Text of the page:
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Zeid urges Libyans to oppose extremism after “vile” murder of Coptic Christians

GENEVA (17 February 2015) – UN High Commissioner for Human Rights Zeid Ra’ad Al Hussein on Tuesday said the mass beheading of 20 Egyptian Coptic Christians and apparently another Christian man in Libya was a “vile crime targeting people on the basis of their religion” and urged Libyans to unite against extremists launching attacks based on religious, ethnic, national, racial or political grounds.

“The brutal murder of these men, and the ghastly attempt to justify and glorify it in a video, should be roundly condemned by everyone, in particular by the people of Libya who should resist the urgings of takfiri groups,” High Commissioner Zeid said. “Murdering captives or hostages is prohibited under international law and Islamic law.”

“This is not the first time that Coptic Christians have been targeted in Libya or elsewhere in the region. As described in a report we published last week, UN human rights staff have documented several incidents involving abductions of Egyptian Copts in Libya. In one incident, in December last year, the bodies of three members of a Coptic Christian family were found in Sirte. Churches and other religious sites have also been attacked in Libya over the past three years.”

In their response, Zeid said, the Egyptian air force must ensure full respect of the principles of distinction between civilians and fighters, and civilians objects and military objectives.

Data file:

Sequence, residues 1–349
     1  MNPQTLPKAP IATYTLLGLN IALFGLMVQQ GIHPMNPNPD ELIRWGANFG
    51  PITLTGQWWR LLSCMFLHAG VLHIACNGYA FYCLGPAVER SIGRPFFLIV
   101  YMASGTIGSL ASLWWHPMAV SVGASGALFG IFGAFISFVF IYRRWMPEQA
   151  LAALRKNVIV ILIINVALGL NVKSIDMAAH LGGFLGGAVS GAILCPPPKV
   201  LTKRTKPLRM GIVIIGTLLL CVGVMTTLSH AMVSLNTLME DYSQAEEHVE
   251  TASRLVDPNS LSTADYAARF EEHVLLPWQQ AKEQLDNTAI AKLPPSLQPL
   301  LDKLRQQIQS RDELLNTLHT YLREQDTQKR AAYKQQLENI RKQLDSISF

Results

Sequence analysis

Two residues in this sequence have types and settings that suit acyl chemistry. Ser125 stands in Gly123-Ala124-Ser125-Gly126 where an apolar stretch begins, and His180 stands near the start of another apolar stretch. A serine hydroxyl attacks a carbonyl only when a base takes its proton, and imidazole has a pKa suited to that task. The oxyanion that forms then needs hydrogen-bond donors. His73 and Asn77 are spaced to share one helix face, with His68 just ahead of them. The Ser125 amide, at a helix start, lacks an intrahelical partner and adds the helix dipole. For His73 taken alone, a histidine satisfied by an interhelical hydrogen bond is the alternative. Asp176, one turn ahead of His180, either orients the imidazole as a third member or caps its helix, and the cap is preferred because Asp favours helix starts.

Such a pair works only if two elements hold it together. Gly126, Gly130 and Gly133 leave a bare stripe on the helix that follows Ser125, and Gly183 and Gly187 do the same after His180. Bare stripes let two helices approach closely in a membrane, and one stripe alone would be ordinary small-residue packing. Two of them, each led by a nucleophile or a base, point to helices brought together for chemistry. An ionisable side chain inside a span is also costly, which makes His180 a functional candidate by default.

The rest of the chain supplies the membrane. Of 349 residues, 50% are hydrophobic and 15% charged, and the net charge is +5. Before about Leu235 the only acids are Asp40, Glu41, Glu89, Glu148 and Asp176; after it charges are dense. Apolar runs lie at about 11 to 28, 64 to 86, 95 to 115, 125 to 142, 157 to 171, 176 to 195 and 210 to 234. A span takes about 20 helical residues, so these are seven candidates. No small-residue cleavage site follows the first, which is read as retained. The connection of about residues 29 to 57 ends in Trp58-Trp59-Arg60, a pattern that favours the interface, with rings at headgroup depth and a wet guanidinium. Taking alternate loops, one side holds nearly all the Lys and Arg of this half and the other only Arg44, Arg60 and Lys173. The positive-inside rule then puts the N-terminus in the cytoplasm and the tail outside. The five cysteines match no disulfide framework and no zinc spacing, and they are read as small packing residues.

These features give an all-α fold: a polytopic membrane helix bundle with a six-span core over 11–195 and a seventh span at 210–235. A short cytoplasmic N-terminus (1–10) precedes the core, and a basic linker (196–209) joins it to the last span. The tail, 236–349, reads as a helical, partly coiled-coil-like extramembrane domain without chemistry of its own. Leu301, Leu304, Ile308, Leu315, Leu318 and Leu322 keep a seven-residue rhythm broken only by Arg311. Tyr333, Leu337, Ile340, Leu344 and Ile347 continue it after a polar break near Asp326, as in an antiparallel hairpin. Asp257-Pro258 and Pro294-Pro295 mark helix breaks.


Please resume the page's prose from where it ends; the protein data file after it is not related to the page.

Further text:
The beheading of the 21 men took place against the backdrop of increasing lawlessness amid the armed conflict in Libya. The UN Human Rights report* published last week detailed the rampant violence and fighting in the country, which is badly affecting civilians in general and specific groups in particular – including Coptic Christians, other minorities, migrants, journalists and human rights defenders.

On Saturday, UN staff received reports that the director of the human rights group, the National Commission for Human Rights, Dr. Hadi Ben Taleb, and one of its board members, Mr. Ahmed Osta, had been abducted by the al-Sa'dawi armed group in the Ain Zara neighbourhood of Tripoli. Since then, their relatives and colleagues have received no further information about their fate or whereabouts. Zeid called for the two men’s release, and pending this, for their relatives to be informed of their location.

The High Commissioner urged all parties in Libya to work towards a meaningful dialogue to bring to an end the current conflict, and in particular to engage constructively with the efforts of Special Representative of the Secretary-General, Bernardino León to advance an inclusive political process aimed at addressing Libya’s daunting political and security challenges.

“This is the only solution. The path to a peaceful and prosperous Libya – like anywhere else -- involves upholding everyone’s human rights, irrespective of faith, ethnicity or political affiliation. Joining, copying or giving in to groups that glorify blood-letting is akin to buying a one-way ticket to disaster, not just for yourself, but for your relatives and your entire society. Adopting extremist takfiri behavior will simply add layer upon layer of suffering on an already suffering country – as we have seen all too clearly in Syria and Iraq.”

* The full report of the High Commissioner, prepared by the UN Human Rights Office in cooperation with the UN Support Mission in Libya (UNSMIL) can be found here: http://www.ohchr.org/EN/HRBodies/HRC/RegularSessions/Session28/Documents/A_HRC_28_51_ENG.doc

For more information and media requests, please contact  Rupert Colville  (+41 22 917 9767 / rcolville@ohchr.org), Ravina Shamdasani (+41 22 917 9169 orrshamdasani@ohchr.org) or Cécile Pouilly (+41 22 917 9310 / cpouilly@ohchr.org).


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